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Latin Academy parents unimpressed with Hyde Park school facility

Posted by Jeremy C. Fox  September 30, 2011 09:57 AM

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(Jeremy C. Fox for

Parents, students, and teachers from Boston Latin Academy toured the shuttered Hyde Park High School building on Thursday.

After touring the building that the city has proposed as a new home for Boston Latin Academy, a group of parents and teachers seem only more convinced the facility is inadequate.

“It just seems that when you look at the facts — the hard, cold, square-footage facts, you have to concede that it won’t fit,” said Marla Smith, 44, whose daughter is a sophomore at Latin Academy.

Smith was one of dozens of Latin Academy parents, students, and teachers who visited the former Hyde Park Education Complex on Thursday night for an informal tour.

Some conceded the building was in marginally better condition than Latin Academy’s current facility on Townsend Street in Dorchester, but others cited cracked front stairs, broken windows, and other damage to the building, saying that if the point of the proposed move is improving conditions, this isn’t the place.

A teacher from Latin Academy, who asked not to be identified, conjured up the Greek myth of Procrustes, who would invite travelers to sleep in his iron bed and then stretch out the short people and cut off the extremities of the tall so they fit the bed perfectly.

“I feel like we’re being shoehorned into a space that is too small for us,” the teacher said.

In July, the school department announced plans to relocate the Latin Academy to Hyde Park and move the Boston Arts Academy out of the building it shares with Fenway High School and into the Latin Academy’s current space.

In interviews and public statements, schools Superintendent Carol R. Johnson has said the plan grew out of the Arts Academy’s need to expand but also out of concerns from Latin Academy parents that its aging building was in need of many repairs and improvements.

But from the beginning, families and faculty from Latin Academy have been skeptical, and sometimes outraged, by a proposal that would move the school from an admittedly worn building near the city’s center to a smaller facility nearly five miles southwest, near its southern tip.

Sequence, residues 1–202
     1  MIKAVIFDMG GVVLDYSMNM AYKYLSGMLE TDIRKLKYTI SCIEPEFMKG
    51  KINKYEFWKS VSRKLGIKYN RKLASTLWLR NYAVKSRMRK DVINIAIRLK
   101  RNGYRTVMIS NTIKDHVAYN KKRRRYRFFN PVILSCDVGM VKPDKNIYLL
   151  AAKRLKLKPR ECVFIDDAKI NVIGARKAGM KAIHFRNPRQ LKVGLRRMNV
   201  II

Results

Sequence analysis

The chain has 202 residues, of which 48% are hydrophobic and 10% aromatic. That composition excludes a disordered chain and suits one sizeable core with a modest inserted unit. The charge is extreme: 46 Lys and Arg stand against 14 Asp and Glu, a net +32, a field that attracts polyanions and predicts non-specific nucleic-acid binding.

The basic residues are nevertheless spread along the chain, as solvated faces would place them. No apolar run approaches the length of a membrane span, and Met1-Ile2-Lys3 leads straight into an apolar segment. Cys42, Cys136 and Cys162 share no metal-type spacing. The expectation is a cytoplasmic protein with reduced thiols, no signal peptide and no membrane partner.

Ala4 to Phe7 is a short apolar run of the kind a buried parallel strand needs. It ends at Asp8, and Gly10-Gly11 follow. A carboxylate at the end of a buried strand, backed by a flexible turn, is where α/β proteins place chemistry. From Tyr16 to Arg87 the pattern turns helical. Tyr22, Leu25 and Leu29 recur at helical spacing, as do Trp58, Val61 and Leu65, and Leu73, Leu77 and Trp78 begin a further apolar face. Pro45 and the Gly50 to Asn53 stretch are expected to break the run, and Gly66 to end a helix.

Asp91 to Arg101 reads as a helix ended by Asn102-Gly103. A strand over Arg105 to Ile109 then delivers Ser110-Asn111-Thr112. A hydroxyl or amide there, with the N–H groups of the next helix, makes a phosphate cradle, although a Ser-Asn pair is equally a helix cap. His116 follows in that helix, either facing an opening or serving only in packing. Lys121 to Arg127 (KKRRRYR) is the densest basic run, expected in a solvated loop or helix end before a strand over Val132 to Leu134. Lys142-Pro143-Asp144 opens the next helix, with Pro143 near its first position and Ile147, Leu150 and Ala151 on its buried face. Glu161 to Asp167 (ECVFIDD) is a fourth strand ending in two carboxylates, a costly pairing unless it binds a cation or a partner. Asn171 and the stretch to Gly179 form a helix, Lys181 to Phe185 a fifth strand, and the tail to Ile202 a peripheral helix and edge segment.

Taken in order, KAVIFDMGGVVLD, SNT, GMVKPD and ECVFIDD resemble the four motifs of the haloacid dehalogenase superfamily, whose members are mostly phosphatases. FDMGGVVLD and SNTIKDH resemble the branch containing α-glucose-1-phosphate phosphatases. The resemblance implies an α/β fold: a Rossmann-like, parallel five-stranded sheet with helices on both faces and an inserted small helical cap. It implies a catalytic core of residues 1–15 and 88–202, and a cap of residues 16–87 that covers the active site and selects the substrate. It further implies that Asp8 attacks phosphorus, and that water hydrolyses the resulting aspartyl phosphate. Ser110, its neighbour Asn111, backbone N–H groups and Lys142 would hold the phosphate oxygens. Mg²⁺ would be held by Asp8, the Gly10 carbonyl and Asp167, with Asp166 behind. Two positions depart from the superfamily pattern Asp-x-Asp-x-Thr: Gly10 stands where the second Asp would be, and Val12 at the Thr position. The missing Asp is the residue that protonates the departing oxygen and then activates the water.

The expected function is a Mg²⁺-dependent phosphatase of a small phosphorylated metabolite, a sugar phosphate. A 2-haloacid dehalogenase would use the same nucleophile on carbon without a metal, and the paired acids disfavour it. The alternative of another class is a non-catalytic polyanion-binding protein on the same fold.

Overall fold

Parents examining the building on Thursday cited the difficulty of fitting Latin Academy’s large classes — usually 20 to 30 students — into the Hyde Park classrooms, many of which were reduced in size during a previous renovation to accommodate smaller classes for students with special educational needs. And with some hallways being narrow and only four staircases where they now have 10, parents asked if their children would even be safe in this building in an emergency.

Saundra Knight, a Mattapan resident and mother of a Latin Academy seventh-grader, echoed the thoughts of many parents touring the Hyde Park complex when she said, “I don’t think this school’s that bad. I just don’t think it’s big enough.”

Some objections were subjective, but Marla Smith believed she could make the argument best with hard facts.

Using figures from the Massachusetts School Building Authority, Smith put together a chart listing Latin Academy alongside the Arts Academy, the Hyde Park Education Complex, the three small schools housed in the complex there before its closure, and 17 other school facilities from around the district.

The chart lists the square feet of each, the number of students, and the square feet per student, with Latin Academy, the Arts Academy, Fenway High School, the schools of the Hyde Park Complex all coming in right around 184 square feet per student. If the Latin Academy were to move to Hyde Park, by Smith’s calculations, it would have 106 square feet per student, a lower ratio than any other school on the list.